Indian FM sets out measures to fuel economic rebound

India’s Ministry of Finance is making big efforts to revive the country’s stagnating economy, with measures to front-load infrastructure spending and boost consumption. But experts warn that it will take many more tough reforms to get India back to its heyday of strong growth.

  • By Rashmi Kumar
  • 18 Oct 2019
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After slowing in the first two quarters of the fiscal year, which began in April, growth is projected to slump to 6% in 2019, according to the World Bank, from 6.8% last fiscal year.

A combination of corporate and regulatory uncertainty, weak income growth, especially in rural industries, a fall in consumption and immense pressure on the financial sector have all taken their toll on the world’s largest democracy.

The estimated GDP growth for the quarter to June shook the Ministry of Finance, coming in at just 5.5%.

The government has not been sitting still, however.

“To boost consumption, we have said that public expenditure for infrastructure will be clearly front-loaded,” said Nirmala Sitharaman, India’s minister of finance. “We said in the budget that about 100 lakh crores [$1.4tr] will be spent over the next five years, but this year itself, we are willing to spend a proportionate amount.

“Similarly, to increase money in the hands of people so consumption can increase, I’ve also requested all the public sector banks, together with their partners, to reach out to the villages and all the districts and extend every kind of credit they could want,” she added.


Financial focus

While the government has taken some steps towards jumpstarting its ailing economy, it is not nearly enough, according to Ranil Salgado, India mission chief at the International Monetary Fund. He said the priority for the government was to improve the financial sector.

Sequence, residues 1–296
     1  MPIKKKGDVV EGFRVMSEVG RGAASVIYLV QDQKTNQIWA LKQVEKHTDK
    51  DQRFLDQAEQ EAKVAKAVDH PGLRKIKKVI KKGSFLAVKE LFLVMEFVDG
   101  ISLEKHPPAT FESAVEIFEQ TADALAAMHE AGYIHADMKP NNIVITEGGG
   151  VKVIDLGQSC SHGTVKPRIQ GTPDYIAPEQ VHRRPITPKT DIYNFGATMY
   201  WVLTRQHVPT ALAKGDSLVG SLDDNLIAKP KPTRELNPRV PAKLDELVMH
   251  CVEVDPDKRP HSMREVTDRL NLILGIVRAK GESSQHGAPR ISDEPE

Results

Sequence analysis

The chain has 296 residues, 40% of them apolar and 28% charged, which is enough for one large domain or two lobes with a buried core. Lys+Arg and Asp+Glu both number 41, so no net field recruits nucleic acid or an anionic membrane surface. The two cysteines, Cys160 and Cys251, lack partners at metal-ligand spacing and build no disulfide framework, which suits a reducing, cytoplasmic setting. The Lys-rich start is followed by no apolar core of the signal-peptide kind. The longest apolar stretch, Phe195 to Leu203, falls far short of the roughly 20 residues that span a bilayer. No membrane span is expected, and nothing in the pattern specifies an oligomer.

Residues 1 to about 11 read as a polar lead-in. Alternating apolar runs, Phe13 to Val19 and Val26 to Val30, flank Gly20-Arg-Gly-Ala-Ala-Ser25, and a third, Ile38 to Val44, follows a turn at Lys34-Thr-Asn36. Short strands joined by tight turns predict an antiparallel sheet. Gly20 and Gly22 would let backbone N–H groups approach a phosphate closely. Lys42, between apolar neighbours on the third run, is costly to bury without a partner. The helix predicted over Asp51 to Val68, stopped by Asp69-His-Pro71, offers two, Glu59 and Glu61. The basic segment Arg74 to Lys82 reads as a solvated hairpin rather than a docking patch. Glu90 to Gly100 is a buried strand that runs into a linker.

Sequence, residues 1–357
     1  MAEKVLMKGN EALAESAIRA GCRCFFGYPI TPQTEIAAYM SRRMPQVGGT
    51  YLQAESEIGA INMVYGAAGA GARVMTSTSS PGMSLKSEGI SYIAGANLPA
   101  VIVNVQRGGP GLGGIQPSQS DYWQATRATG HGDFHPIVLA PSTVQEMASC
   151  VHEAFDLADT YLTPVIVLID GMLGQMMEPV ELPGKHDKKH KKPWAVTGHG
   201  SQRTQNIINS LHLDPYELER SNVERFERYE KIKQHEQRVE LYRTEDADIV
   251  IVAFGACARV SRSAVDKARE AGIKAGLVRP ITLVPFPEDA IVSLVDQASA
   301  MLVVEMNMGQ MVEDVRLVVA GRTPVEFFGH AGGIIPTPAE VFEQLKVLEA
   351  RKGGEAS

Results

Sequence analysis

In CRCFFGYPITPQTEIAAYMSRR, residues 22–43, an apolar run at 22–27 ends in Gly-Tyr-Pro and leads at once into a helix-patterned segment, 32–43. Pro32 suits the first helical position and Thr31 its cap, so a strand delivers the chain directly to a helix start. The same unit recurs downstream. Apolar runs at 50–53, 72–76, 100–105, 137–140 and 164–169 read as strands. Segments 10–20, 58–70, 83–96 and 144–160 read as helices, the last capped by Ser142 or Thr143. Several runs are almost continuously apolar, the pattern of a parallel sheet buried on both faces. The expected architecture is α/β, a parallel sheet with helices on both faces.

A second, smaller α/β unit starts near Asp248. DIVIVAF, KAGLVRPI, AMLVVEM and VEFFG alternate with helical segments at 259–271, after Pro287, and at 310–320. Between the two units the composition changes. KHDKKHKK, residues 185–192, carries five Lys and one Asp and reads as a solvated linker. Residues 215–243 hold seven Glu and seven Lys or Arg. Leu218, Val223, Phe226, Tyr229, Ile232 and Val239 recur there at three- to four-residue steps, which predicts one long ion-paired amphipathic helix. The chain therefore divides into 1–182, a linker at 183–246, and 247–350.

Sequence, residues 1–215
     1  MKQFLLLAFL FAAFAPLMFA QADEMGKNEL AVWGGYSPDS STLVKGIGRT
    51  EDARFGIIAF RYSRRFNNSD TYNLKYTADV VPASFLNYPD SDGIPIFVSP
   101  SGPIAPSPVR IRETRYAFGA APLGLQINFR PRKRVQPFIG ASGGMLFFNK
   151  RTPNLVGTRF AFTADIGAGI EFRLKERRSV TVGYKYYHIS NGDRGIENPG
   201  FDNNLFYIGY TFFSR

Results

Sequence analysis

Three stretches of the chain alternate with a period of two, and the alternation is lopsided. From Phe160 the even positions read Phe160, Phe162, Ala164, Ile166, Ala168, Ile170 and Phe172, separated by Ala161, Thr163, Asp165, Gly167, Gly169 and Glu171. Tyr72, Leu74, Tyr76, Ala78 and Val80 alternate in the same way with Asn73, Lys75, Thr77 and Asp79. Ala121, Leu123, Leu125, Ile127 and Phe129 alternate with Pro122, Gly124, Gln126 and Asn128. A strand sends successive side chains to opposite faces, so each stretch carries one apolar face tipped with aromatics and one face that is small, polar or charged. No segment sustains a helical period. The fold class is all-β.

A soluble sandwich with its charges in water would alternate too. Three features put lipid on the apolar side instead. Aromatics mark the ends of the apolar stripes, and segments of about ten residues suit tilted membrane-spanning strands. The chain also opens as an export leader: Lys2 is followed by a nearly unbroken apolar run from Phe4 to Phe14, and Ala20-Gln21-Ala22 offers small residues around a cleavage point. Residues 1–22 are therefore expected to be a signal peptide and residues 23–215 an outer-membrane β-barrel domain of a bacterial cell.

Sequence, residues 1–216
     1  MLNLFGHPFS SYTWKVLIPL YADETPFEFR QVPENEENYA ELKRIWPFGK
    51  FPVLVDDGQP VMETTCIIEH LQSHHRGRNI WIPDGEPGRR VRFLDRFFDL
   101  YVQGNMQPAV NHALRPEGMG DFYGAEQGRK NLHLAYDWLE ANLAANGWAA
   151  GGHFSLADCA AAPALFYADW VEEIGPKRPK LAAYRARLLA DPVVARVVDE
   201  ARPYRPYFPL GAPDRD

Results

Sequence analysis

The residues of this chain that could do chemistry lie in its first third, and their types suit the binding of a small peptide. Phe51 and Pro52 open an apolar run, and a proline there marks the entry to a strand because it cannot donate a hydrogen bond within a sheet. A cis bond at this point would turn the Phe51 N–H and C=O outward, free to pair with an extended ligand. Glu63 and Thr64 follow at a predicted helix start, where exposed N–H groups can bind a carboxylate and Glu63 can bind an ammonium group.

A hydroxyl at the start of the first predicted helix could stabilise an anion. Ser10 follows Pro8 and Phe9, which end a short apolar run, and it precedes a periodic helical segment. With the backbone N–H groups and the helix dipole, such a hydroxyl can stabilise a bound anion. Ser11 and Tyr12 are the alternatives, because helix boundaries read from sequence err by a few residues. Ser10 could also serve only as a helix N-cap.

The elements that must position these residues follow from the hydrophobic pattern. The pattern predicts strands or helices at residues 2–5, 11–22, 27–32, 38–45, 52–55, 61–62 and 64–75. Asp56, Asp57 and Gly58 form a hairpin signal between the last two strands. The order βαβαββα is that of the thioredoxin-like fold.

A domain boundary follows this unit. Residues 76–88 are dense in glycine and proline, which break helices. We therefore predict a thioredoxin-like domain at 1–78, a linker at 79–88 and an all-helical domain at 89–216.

India’s banks and non-bank financial companies have faced great turmoil in the past year, triggered by defaults among the non-banks, fraud and governance issues at state-owned banks, and hefty non-performing loans.

Salgado told GlobalMarkets that the government had recognised the issues and was trying to resolve concerns about rising bad assets and the way public sector banks are run.

“The government has tried some things, but we think even more is needed to improve operational efficiencies, to improve risk management on how the public sector banks lend loans, and to make sure those are done on a purely commercial basis,” he said. “The government also needs to make sure to remain under control of its own finances. We are focused on not just the central government deficit, but also focused on overall public sector borrowing, which is higher than household borrowing.”

  • By Rashmi Kumar
  • 18 Oct 2019

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